Angus Taylor's stalled UNGI program placed on audit hit list | RenewEconomy

Angus Taylor’s stalled UNGI program placed on audit hit list

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Federal expenditure watchdog adds Morrison government’s stalled UNGI scheme to its audit hit list, as concerns are raised over lack of transparency and legal basis.

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The Morrison government’s stalled Underwriting New Generation Investments (UNGI) program is set to come under scrutiny by the federal government expenditure watchdog after the Australian National Audit Office (ANAO) included the program in its proposed audit hit list for 2020-21.

The UNGI program has been operating effectively behind closed doors since its announcement in November 2018, with vague offers of funding being made by the Morrison government to new generation projects. But no official agreements for loans, grants or guarantees have been provided by the government, yet.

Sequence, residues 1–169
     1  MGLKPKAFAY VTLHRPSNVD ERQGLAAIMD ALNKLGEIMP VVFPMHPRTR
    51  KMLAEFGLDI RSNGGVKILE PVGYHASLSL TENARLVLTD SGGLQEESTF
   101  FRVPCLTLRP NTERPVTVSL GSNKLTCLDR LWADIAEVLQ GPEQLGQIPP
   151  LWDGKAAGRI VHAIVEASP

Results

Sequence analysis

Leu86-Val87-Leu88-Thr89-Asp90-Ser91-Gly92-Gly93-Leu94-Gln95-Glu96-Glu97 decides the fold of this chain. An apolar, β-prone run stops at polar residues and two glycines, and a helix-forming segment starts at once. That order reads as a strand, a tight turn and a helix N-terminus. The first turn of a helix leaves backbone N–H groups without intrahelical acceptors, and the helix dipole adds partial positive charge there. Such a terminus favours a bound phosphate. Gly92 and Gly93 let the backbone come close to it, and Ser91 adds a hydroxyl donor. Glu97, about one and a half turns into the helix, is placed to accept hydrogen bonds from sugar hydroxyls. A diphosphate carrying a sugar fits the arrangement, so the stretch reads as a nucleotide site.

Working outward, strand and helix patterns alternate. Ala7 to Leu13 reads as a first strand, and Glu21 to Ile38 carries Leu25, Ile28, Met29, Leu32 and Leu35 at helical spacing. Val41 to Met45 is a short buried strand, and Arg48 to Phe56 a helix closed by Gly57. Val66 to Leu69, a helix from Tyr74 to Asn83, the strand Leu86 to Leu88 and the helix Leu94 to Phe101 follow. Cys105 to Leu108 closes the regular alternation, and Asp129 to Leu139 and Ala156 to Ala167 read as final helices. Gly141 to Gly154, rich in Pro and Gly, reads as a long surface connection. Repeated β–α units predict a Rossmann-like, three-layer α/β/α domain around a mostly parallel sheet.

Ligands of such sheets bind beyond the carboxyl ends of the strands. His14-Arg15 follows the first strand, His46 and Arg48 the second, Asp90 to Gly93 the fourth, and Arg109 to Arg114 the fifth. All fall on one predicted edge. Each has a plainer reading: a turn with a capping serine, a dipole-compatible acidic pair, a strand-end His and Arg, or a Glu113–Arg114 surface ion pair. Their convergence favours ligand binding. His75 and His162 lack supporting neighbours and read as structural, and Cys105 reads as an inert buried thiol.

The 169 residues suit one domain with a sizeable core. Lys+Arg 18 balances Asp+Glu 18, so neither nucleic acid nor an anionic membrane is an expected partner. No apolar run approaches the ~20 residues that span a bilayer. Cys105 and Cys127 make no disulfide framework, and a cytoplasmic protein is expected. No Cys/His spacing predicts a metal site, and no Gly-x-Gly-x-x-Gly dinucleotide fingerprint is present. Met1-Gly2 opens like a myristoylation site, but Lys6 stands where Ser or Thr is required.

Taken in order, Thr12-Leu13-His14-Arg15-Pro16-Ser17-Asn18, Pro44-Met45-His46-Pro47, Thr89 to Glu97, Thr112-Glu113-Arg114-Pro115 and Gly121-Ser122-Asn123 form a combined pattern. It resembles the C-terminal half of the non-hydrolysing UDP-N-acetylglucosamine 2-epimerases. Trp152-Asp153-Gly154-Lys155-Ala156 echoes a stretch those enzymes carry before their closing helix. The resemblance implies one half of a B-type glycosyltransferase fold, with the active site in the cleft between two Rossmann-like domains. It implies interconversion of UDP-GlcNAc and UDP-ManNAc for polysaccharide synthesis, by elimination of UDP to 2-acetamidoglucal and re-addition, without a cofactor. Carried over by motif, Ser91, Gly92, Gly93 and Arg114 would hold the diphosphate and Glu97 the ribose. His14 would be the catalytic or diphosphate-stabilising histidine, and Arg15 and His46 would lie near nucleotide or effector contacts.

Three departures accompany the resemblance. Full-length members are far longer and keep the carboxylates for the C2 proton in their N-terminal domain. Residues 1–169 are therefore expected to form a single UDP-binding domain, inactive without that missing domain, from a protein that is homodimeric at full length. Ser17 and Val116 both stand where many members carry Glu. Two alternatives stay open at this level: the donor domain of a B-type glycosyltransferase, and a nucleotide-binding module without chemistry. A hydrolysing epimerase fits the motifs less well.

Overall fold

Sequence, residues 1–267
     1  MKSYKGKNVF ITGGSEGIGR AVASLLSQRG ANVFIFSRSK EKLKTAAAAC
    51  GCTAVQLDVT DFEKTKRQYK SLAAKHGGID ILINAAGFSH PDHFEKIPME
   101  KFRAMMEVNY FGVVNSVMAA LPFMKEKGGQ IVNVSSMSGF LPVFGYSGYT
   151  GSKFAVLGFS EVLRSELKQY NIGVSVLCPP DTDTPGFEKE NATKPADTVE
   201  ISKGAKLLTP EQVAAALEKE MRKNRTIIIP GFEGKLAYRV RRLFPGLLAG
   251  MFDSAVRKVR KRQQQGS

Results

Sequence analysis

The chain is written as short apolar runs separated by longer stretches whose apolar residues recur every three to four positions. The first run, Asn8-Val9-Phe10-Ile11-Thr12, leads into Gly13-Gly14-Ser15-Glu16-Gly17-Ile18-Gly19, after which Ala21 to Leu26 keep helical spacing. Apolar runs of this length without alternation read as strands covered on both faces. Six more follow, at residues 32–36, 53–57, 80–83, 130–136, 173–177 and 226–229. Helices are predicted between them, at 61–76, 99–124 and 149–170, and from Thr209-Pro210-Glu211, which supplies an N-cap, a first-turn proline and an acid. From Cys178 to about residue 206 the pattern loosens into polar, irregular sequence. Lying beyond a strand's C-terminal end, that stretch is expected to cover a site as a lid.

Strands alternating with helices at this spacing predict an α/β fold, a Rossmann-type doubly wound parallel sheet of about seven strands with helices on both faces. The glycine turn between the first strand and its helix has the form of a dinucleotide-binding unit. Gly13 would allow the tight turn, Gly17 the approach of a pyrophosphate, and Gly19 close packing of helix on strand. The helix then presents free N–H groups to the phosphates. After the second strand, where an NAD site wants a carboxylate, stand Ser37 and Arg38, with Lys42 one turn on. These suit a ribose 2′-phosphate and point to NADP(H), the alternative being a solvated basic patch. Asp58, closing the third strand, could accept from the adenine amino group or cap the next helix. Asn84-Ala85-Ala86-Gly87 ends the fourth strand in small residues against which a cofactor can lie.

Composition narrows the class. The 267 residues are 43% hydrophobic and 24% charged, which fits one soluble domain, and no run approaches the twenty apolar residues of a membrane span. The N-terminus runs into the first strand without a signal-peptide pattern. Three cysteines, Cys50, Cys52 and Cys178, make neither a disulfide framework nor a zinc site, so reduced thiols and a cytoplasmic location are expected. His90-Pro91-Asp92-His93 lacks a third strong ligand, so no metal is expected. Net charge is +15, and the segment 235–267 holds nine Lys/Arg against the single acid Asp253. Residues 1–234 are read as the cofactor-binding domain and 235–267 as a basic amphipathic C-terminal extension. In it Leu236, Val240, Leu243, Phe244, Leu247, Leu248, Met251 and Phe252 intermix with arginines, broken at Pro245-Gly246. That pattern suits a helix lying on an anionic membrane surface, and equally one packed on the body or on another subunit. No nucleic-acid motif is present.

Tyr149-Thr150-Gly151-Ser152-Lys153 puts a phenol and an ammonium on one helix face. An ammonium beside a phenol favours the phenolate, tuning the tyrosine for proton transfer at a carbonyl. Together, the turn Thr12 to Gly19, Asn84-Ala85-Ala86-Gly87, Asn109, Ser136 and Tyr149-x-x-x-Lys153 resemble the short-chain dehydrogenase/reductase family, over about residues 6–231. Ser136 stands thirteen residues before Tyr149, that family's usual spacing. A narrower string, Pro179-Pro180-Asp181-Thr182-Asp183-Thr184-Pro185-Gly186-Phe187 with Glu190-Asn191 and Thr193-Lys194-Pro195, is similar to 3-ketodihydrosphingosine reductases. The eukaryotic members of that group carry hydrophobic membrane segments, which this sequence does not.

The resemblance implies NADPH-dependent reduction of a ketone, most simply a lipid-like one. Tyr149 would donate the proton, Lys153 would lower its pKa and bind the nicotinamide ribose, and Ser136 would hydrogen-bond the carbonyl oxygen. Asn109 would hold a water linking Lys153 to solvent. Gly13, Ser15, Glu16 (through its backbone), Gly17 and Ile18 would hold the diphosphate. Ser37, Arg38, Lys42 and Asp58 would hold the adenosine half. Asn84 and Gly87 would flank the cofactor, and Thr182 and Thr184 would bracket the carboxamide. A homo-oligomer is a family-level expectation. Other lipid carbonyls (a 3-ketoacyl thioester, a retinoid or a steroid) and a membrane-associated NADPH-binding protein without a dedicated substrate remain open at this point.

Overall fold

In a draft work plan for the 2020-21 year published on Monday, the ANAO included the UNGI program on its list of government programs proposed for audit, that would focus on ensuring the “effective, efficient, economical and ethical delivery of the Australian Government’s response to the COVID-19 pandemic”.

The UNGI program has attracted criticism due to perceptions that it will serve as vehicle for the Morrison government to channel taxpayer funds into new investments in coal and gas generators.